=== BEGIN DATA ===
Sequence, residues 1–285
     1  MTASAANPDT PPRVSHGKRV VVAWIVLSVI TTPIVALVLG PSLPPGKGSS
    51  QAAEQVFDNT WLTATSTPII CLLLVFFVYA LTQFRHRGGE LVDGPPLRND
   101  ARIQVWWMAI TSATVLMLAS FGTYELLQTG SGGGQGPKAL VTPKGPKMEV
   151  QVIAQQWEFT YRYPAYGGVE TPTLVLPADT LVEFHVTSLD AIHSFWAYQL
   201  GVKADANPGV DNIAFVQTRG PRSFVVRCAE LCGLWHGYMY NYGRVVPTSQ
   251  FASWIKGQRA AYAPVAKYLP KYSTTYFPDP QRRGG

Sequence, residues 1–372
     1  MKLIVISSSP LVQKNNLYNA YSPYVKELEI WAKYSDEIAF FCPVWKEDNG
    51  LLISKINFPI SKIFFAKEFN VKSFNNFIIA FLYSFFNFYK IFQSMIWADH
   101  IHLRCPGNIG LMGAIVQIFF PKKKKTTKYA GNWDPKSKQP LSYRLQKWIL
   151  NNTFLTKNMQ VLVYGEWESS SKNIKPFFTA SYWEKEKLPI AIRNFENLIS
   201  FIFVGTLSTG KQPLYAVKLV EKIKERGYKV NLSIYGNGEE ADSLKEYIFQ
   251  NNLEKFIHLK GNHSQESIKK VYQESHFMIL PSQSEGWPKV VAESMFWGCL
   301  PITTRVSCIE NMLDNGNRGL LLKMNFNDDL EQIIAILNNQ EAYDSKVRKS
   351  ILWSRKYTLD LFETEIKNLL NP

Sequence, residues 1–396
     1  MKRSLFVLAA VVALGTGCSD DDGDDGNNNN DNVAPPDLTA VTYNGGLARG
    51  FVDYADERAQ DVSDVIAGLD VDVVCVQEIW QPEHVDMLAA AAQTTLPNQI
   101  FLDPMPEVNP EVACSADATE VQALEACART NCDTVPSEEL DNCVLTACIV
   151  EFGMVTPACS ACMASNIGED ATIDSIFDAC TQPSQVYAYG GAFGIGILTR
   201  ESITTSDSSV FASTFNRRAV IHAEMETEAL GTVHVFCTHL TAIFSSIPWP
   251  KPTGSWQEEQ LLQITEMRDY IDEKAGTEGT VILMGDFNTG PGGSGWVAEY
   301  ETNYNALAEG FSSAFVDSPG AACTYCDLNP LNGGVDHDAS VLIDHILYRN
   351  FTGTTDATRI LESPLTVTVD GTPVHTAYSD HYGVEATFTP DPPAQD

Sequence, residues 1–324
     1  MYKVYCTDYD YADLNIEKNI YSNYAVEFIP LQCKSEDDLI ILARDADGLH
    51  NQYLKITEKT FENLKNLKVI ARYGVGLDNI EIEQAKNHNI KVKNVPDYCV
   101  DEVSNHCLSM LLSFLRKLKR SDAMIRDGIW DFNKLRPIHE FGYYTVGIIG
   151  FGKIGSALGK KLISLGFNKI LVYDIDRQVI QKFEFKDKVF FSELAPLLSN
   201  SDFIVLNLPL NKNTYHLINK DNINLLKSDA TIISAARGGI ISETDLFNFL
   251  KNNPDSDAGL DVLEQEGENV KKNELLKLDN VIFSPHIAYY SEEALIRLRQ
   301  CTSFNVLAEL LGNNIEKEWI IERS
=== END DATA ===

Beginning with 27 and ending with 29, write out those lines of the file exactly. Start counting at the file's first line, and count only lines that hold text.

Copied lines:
     1  MYKVYCTDYD YADLNIEKNI YSNYAVEFIP LQCKSEDDLI ILARDADGLH
    51  NQYLKITEKT FENLKNLKVI ARYGVGLDNI EIEQAKNHNI KVKNVPDYCV
   101  DEVSNHCLSM LLSFLRKLKR SDAMIRDGIW DFNKLRPIHE FGYYTVGIIG